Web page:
Acts on A1 adenosine receptors Opens Ach sensitive K channels Inhibits Ca in current – Suppresses Ca dependent AP (Nodal) Increases K out current – Hyperpolarisation Inhibits AVN > SAN Increases AVN refractory period

30 ADENOSINE Interrupts re-entry and aberrant pathways through AVN – Diagnosis and Treament Drug for narrow complex PSVT SVT reliant on AV node pathway NOT atrial flutter or fibrillation or VT Contraindications: VT – Hypotension and deterioration High degree AV block Poison or drug induced tachycardia Bronchospasm but short DOA

31 ADENOSINE Carotid massage and vagal maneuvers first
Rapid IV push 6mg – 12 mg – 12 mg Flush with 20ml N/S Record rhythm strip FLUSHING CHEST PAIN ASYSTOLE/BRADY VENTRICULAR ECTOPY


33 What does Digoxin Do? Reduces ventricular response to SVTs
Cardiac glycoside Blocks Na/K ATPase pump in heart Less ECF Na for Na/Ca pump Increased IC Ca Inotropic: Increases force of contraction AVN increased refractoriness Decreases conduction through AVN and SAN Negative chronotrope: Slows HR Reduces ventricular response to SVTs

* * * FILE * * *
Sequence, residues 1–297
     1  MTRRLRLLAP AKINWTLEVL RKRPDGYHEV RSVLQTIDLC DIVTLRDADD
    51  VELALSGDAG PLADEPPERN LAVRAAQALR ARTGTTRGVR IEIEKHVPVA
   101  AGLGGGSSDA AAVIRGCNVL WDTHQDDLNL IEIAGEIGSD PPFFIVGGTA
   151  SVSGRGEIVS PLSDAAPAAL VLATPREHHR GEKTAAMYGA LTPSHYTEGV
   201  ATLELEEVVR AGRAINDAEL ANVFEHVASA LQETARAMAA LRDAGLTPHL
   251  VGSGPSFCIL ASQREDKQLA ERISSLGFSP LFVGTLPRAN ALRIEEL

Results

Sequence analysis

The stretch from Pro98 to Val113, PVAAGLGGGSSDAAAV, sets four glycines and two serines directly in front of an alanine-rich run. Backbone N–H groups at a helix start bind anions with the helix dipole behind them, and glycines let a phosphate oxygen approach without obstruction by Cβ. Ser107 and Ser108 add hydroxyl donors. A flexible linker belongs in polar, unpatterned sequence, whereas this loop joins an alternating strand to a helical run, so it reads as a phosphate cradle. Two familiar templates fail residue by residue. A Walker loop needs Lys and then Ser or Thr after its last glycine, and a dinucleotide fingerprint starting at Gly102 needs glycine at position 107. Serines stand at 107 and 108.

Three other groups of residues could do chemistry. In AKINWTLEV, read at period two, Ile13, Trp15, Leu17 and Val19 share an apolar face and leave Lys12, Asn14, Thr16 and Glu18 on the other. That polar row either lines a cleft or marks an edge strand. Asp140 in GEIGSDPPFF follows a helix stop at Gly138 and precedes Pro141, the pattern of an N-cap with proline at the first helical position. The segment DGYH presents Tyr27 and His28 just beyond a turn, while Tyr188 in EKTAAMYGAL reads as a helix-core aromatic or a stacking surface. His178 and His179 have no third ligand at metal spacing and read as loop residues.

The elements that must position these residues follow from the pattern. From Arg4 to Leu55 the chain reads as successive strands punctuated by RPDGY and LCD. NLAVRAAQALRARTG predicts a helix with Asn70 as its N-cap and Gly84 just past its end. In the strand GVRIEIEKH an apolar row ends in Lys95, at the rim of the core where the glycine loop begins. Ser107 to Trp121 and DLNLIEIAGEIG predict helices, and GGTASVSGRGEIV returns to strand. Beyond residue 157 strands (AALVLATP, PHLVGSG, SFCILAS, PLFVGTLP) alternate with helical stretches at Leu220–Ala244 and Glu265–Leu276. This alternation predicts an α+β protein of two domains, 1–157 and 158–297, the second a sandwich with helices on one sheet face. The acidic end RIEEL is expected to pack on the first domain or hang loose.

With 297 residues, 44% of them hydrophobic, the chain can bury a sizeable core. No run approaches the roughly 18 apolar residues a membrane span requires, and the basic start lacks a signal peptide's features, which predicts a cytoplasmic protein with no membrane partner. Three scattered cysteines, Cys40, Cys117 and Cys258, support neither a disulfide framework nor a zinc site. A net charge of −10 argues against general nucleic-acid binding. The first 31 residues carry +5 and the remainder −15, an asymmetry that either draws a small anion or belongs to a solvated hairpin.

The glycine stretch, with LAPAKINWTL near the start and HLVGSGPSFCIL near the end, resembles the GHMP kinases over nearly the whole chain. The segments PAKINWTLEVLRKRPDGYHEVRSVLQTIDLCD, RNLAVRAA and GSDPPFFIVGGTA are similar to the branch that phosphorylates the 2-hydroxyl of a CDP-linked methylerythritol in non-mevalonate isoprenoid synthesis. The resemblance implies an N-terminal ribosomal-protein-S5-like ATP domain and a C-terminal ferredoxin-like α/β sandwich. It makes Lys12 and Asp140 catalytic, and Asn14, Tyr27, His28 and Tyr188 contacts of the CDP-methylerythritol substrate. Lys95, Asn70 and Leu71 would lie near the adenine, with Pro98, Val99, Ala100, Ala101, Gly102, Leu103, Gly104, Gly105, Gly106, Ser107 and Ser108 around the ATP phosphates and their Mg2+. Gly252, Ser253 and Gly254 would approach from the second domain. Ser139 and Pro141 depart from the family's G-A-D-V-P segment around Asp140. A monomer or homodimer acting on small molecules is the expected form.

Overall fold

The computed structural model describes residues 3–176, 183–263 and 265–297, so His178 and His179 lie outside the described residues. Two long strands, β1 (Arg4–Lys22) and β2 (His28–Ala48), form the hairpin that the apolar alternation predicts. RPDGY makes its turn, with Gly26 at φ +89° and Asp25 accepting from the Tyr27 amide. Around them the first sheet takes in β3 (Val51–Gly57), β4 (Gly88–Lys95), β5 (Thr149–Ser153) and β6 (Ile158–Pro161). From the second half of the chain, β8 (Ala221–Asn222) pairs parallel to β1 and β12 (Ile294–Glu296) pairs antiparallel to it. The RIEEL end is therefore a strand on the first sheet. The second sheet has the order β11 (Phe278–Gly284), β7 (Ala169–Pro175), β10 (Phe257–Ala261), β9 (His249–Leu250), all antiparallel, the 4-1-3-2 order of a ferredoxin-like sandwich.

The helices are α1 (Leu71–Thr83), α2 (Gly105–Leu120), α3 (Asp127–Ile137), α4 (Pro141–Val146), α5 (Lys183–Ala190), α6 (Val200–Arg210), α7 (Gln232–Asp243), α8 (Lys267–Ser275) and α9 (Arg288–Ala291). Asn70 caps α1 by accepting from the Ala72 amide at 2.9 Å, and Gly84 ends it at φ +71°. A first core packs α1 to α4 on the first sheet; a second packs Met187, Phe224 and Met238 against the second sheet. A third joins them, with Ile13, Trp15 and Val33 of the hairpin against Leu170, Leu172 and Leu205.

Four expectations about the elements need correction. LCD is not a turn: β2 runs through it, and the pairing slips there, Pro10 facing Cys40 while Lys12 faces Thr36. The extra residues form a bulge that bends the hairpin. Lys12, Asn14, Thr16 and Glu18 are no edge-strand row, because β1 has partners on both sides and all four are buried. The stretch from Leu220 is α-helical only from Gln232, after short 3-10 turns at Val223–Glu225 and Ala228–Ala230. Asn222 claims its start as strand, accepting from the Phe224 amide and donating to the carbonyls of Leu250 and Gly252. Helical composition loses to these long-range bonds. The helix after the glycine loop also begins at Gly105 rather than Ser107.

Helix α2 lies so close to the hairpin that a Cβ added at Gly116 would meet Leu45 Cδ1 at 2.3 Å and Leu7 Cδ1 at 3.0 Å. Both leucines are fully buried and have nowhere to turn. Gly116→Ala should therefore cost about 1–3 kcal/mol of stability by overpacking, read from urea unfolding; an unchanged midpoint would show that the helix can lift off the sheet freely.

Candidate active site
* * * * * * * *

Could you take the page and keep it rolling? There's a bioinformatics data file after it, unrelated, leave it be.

34 DIGOXIN Contraindications: WPW. SSS.
Elderly or renal failure – reduce dose or TOXICITY 0.25 to 0.5 mg IV; then 0.25 mg IV every 4 to 6 hours to maximum of 1 mg 0.125 to 0.25 mg per day IV or orally


36 Take-Home Message Anti-arrhythmics are also pro-arrhythmics
Dangerous side effects If patient is unstable rather cardiovert Enlist expert help Stick to drugs you know Limited choice in SA anyway